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50 x 50m plots at each site Experimental Design 12 sites: 4 controls (forest, no burn piles) 4 low density (<15 burn piles) 4 high density (≥25 burn piles)

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Control

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Low Density

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High Density

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Mammal Methods 5 minute acclimation period with count Each person observes small mammals by walking into the plot from different directions, recording genus and count Camera trapping for continuous observation

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2 teams - 4 people and 3 people Alternate teams for morning and evening surveys Alternate directions from middle or ends Mammal Methods 50m 50m 50m 50m Communicating with team members while counting

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Owl Methods Same plots as small mammal surveys 5 minute acclimation period Play call from six owl species Northern Saw-whet, Northern Pygmy, California Spotted, Western Screech, Long-eared, Great Horned Play calls in order from lowest to highest aggression Wait 30 seconds for response, play once more, wait one minute between species

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Starring Chipmunks Squirrels

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Northern Pygmy Northern Saw-whet Great Horned Starring

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Analysis ANOVA Area Type x Chipmunk Visits Area Type x Squirrel Visits Area Type x Small Mammal Visits Management x Chipmunk Visits Area Type x Owl Abundance *Visits per species were averaged over the length of the study to get visits per walk through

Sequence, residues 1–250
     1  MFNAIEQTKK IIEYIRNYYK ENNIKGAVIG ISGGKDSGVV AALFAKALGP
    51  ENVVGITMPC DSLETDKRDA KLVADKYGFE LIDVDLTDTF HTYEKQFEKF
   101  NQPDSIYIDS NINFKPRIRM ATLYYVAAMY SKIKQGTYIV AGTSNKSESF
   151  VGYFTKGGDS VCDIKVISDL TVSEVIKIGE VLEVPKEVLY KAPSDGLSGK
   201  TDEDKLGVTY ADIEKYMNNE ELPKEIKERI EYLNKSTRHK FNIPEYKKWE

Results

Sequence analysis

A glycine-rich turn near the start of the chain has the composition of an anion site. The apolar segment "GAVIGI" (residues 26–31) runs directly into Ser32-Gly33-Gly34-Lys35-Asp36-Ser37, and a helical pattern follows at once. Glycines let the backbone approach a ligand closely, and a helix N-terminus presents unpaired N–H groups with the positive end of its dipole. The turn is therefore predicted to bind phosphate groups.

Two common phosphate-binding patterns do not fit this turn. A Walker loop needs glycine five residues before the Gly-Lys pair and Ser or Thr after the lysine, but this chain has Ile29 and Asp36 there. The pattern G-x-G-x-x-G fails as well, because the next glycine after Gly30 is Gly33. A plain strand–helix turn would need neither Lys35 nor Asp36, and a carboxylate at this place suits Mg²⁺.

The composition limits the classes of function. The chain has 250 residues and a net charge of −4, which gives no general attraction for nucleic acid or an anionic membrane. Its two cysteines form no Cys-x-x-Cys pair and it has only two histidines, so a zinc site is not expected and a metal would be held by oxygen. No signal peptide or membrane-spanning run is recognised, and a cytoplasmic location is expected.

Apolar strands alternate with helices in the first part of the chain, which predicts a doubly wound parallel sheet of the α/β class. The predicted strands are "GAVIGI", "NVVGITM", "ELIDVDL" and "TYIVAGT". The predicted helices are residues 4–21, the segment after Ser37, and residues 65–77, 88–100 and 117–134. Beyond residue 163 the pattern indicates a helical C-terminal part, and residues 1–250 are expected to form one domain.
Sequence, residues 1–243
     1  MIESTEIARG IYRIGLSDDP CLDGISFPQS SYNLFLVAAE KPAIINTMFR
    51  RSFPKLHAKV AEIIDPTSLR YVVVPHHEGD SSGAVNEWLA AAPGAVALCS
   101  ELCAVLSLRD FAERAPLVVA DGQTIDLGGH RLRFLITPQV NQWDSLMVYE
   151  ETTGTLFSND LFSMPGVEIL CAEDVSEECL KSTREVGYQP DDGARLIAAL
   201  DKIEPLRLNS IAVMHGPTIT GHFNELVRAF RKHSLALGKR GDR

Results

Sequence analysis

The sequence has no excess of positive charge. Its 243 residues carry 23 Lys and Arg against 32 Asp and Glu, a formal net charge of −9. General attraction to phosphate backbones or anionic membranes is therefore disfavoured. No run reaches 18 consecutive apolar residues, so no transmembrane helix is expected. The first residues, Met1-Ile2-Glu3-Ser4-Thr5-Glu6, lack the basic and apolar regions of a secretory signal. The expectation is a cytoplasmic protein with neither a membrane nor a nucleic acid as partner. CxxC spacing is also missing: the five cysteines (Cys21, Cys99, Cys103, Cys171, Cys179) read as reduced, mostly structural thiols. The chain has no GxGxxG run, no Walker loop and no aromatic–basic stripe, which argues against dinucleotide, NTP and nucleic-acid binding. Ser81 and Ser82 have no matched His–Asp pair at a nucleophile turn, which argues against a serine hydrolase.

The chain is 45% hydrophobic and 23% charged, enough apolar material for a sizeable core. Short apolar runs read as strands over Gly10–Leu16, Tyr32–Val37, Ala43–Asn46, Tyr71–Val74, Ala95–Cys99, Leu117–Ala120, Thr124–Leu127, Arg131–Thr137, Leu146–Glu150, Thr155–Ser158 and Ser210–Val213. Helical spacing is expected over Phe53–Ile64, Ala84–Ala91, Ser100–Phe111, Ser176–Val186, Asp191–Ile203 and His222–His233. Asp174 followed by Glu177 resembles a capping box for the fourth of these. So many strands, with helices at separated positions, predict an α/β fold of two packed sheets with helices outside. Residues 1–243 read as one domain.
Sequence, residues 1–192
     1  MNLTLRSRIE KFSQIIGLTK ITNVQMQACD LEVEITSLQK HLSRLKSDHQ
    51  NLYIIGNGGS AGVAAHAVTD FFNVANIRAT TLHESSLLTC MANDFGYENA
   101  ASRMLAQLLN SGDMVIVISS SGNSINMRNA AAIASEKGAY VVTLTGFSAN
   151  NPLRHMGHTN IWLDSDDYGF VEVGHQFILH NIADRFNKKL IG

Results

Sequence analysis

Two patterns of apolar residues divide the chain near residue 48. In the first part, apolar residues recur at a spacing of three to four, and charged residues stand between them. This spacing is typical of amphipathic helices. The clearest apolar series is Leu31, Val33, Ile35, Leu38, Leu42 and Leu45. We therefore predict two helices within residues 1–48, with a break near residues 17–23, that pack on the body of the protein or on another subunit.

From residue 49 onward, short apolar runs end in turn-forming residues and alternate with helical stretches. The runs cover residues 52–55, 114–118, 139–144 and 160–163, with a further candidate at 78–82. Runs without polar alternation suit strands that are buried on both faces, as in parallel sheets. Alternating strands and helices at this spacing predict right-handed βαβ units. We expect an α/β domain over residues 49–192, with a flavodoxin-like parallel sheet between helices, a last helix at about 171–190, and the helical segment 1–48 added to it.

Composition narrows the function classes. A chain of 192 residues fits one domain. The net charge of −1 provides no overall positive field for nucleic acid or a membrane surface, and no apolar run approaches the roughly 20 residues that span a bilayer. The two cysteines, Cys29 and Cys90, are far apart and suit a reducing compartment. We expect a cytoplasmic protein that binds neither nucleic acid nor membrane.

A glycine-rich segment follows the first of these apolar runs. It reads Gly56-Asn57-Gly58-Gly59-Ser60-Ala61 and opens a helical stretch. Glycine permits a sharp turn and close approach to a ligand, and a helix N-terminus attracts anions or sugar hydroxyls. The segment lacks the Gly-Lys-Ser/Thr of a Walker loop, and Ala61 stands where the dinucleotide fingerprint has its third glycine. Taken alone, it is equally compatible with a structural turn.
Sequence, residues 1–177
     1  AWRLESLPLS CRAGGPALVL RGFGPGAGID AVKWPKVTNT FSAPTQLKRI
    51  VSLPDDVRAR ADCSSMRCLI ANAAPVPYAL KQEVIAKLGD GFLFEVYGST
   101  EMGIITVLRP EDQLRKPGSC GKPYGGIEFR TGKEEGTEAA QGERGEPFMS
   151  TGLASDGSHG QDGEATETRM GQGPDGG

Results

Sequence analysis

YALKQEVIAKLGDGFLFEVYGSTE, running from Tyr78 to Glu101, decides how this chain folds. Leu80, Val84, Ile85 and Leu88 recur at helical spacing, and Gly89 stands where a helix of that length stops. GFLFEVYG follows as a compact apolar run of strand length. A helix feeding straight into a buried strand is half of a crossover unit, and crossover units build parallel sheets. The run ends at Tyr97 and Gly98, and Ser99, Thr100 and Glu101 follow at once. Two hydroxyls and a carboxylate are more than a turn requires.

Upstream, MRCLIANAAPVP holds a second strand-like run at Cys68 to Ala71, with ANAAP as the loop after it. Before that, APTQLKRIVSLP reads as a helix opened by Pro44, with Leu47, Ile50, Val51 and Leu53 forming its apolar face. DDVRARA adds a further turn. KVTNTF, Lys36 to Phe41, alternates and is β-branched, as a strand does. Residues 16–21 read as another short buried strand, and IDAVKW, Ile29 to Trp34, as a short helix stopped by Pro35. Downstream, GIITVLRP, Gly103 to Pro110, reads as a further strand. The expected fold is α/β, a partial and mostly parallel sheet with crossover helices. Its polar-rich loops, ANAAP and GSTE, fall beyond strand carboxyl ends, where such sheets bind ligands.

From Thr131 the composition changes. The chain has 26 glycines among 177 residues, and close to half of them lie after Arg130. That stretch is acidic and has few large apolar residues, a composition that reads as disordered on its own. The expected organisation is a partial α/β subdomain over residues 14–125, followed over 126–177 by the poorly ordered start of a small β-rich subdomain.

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Let’s Talk Owls Low sample size Observed 3 of the 8 species present Not enough data to draw conclusions Likely other confounding factors

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P > 0.1 Chipmunks

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Chipmunks P > 0.1

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P > 0.1 Squirrels

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P>.1 Small Mammals P > 0.1

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Big Picture Chipmunks may be avoiding managed sites while squirrels seem to prefer them Does not appear that management is having negative effects on the overall community richness There could be a shift in species dominance with continued management May be consequences to management that were not considered

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More replicates across the reserve for each Small mammal trapping permit Measure canopy cover Change order of owl calls or eliminate unlikely species early on Ideas to explore: What could have been different? Open up the wood piles to see if there are caches Are squirrels adapting to the burn piles Do night rodents like mice and rats occupy burn piles Altruistic behavior of mammals in presence of predator (observer)

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(hold for applause)

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Questions?

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Average Usage by Site Chipmunks Squirrels

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Camera Traps

Summary: Spring, 2018

Tags: student project